"It lets you know there's this whole network out there, I'm not alone," Arnold said of the club. "I'm not ashamed to be black and love hockey. I love it. I'm a proud hockey mom. I love the sport. I always really liked football and basketball. I played basketball. But I actually would love to play hockey. I want to get out on the ice and play."
The success of the Washington gathering led to three more during the Black History Month in February.
Video: Black Girl Hockey Club visits the Washington Capitals
A group of 12 visited the NHL office in New York and met Commissioner Gary Bettman on Feb. 1 before going to see the New York Rangers host the Tampa Bay Lightning at Madison Square Garden on Feb.2. Then, 27 went to Nashville for a weekend of activities capped by a hockey doubleheader at Bridgestone Arena on Feb. 10 that included the Nashville Predators hosting the St. Louis Blues followed by the NWHL All-Star Game.
One of the highlights was a postgame meeting with Nashville defenseman P.K. Subban, captain Roman Josi, goalie Pekka Rinne and forward Filip Forsberg.
"It was a little bit different from D.C., but it was still so cool just to be able to meet everybody," Hess said. "Then, when P.K. came out, we got to take a group picture and he was really cool and excited to see us. So, that was a lot of fun."
The club's whirlwind of excursions concluded with 17 members attending the New York Islanders' Hockey is For Everyone game against the Edmonton Oilers at Barclays Center on Feb. 16.
Together with the trip to Washington, the three events fostered a sisterhood among these women they hadn't been able to experience before.
Florence Clemmons, director of the Genesee Valley Youth Hockey Club in Rochester, remembers feeling like an outsider when her 20-year-old son, Elliott, now playing for the Rochester Junior Monarchs in the National Collegiate Development Conference, picked up the game 13 years ago. The Black Girl Hockey Club has opened her eyes to the existence of a larger community.
"I don't feel alone now," Clemmons said. "It's something I've been very interested in doing and I think it's great. It's something that I'm glad it's happening."
Although there is more work to do, Koelzer, who was able to attend to the event in Washington because she was sidelined with a foot injury at the time, is encouraged by the club's start.
"I think it truly exemplifies how far the game has come even just the 19 years I've been playing," Koelzer said. "I never would have imagined that there would be an organized group such as this that's really trying to show how welcoming of a game that hockey is. So, this is definitely special."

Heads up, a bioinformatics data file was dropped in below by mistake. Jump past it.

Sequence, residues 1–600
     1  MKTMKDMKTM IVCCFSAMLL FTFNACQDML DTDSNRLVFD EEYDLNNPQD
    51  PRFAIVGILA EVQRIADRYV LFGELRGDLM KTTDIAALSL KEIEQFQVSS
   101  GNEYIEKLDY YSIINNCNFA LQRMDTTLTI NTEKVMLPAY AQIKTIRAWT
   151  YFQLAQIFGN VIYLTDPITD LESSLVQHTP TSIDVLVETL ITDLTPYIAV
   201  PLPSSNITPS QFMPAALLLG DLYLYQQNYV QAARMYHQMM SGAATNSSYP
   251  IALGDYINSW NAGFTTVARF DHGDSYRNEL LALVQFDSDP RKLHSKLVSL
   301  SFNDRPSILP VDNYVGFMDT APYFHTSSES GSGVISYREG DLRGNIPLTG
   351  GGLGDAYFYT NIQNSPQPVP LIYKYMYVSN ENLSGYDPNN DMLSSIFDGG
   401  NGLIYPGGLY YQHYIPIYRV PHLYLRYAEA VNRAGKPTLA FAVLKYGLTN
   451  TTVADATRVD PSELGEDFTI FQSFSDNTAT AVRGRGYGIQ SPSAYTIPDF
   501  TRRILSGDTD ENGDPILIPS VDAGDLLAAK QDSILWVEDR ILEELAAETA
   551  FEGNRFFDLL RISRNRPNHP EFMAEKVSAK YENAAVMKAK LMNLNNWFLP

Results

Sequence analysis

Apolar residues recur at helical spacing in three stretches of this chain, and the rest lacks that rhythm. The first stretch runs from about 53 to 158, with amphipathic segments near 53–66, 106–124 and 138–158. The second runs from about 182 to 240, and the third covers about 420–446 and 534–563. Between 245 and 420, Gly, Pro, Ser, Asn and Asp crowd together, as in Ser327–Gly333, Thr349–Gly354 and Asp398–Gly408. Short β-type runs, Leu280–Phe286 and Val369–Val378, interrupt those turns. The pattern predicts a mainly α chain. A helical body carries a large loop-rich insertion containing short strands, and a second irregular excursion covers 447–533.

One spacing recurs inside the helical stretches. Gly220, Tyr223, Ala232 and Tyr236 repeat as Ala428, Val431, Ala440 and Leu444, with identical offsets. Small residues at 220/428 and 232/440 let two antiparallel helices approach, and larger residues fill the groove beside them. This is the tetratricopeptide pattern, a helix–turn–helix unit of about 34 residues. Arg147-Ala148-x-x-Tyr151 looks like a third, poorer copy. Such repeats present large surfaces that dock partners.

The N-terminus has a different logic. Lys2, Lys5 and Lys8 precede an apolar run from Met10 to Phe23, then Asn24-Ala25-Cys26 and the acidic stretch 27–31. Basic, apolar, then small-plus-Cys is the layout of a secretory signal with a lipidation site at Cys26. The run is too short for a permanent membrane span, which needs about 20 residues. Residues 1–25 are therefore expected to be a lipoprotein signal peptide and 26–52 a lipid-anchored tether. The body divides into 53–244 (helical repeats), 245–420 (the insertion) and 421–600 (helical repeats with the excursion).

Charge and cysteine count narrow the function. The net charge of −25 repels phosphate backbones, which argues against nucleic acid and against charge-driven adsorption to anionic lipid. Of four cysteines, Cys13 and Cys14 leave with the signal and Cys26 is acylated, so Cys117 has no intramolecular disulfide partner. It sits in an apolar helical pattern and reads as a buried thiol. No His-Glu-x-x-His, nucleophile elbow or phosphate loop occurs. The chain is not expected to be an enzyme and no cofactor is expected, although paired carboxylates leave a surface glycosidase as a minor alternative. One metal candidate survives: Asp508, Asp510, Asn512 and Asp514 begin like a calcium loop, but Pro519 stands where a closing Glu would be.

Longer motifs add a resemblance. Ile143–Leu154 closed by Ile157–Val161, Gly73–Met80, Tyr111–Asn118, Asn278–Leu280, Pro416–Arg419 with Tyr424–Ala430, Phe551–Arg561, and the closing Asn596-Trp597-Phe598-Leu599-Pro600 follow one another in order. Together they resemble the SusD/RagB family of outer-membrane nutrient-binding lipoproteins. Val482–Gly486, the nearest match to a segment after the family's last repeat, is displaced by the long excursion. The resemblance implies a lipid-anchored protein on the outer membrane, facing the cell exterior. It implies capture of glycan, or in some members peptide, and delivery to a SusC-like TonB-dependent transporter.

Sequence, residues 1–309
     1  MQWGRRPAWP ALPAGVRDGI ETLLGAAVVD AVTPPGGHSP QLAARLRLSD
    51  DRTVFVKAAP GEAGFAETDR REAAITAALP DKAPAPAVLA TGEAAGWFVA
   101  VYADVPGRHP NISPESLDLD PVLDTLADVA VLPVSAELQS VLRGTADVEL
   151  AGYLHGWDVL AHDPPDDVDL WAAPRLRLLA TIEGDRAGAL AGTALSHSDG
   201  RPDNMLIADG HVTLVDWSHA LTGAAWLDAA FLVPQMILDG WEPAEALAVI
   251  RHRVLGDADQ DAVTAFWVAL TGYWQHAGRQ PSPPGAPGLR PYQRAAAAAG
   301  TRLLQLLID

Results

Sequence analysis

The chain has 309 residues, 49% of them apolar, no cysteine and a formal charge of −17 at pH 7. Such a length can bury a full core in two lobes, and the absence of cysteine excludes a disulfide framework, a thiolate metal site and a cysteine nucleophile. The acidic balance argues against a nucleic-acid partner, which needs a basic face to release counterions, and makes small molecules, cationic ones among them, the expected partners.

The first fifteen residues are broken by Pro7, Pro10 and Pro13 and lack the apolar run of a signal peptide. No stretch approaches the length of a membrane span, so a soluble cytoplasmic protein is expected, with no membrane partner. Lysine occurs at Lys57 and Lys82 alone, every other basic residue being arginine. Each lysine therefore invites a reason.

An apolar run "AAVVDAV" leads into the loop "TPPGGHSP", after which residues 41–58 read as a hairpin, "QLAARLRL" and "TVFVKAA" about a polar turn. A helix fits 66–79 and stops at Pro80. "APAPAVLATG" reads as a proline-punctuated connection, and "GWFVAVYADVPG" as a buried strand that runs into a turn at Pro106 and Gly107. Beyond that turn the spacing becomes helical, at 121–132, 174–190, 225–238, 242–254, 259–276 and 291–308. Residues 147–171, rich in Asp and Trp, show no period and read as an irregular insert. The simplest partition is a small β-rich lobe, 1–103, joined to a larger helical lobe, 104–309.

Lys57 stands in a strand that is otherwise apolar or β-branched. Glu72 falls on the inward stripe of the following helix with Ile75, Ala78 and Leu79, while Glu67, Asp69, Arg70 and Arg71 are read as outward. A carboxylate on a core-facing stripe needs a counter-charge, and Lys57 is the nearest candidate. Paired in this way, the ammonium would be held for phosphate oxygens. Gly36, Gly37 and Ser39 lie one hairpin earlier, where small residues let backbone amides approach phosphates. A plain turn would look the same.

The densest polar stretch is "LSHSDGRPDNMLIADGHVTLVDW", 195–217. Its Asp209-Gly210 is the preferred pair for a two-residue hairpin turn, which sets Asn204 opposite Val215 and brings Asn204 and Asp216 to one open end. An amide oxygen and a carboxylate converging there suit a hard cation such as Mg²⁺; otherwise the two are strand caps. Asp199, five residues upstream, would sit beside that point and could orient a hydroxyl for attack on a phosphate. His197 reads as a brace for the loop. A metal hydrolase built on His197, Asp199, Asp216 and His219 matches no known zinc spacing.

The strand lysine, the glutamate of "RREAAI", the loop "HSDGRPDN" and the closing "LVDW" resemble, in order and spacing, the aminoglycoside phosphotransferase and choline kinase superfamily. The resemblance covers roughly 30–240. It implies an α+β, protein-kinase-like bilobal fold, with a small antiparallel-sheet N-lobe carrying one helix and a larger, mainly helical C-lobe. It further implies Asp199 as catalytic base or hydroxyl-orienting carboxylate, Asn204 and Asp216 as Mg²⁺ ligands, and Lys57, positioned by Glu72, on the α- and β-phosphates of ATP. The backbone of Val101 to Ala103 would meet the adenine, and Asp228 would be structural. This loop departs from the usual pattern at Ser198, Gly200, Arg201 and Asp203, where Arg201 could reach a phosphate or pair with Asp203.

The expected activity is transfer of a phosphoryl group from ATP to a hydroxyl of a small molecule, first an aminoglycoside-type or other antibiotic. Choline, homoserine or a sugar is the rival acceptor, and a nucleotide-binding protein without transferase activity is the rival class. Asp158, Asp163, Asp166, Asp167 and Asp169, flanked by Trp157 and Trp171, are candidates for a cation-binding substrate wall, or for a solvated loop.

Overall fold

As fun as the get-togethers at the games have been, Hess believes the club's seminal moment came in January when it was able to help Kalei Forga, a 12-year-old from Forest Lake, Minnesota, raise the $3,700 she needed to travel to play in the 2019 World Selects Invitational in Chamonix, France April 16-20.
Forga's mother, Michelle Forga, reached out to Hess to help promote the GoFundMe page they started for her trip. Hess happily posted some information about Forga and a link to the GoFundMe page on the Black Girl Hockey Club's official Twitter account.
That jumpstarted the campaign and got the attention of Minnesota Wild defenseman Matt Dumba, who retweeted Hess' post to bring more attention to it, offered some encouragement to Forga, and donated $500. With the assists from Dumba and Hess, the GoFundMe page generated $9,000 in donations, enough to send Kalei, her parents and her sister, Maya, to France for the tournament.
That got Hess thinking about how else the club could help.
"I am just so excited about it," Hess said. "I'm really thinking about the future and how we can help amplify black women in the hockey community either through helping the kids get to their games or learn how to play hockey and things like that."
Potential future projects include fundraising for much-needed renovations at Fort Dupont Ice Arena in Washington, home of the Fort Dupont Cannons inner-city youth hockey program. Hess is in the process of putting together a club newsletter and planning watch parties and LGBT Pride celebrations in New York and Los Angeles in June.
The club also is recruiting members to march with groups from the NHL and the You Can Play Project, which promotes inclusion in sports, in the WorldPride March in New York on June 30. And Hess is already thinking about putting together trips for next season with home games of the Dallas Stars, Colorado Avalanche and Florida Panthers as potential targets.
"I don't want Black Girl Hockey Club to be a token of Black History Month," she said. "I would love to see it push forward and evolve and when the 2019-20 season comes around I want the meetups just to be one facet of what we're working on in Black Girl Hockey Club."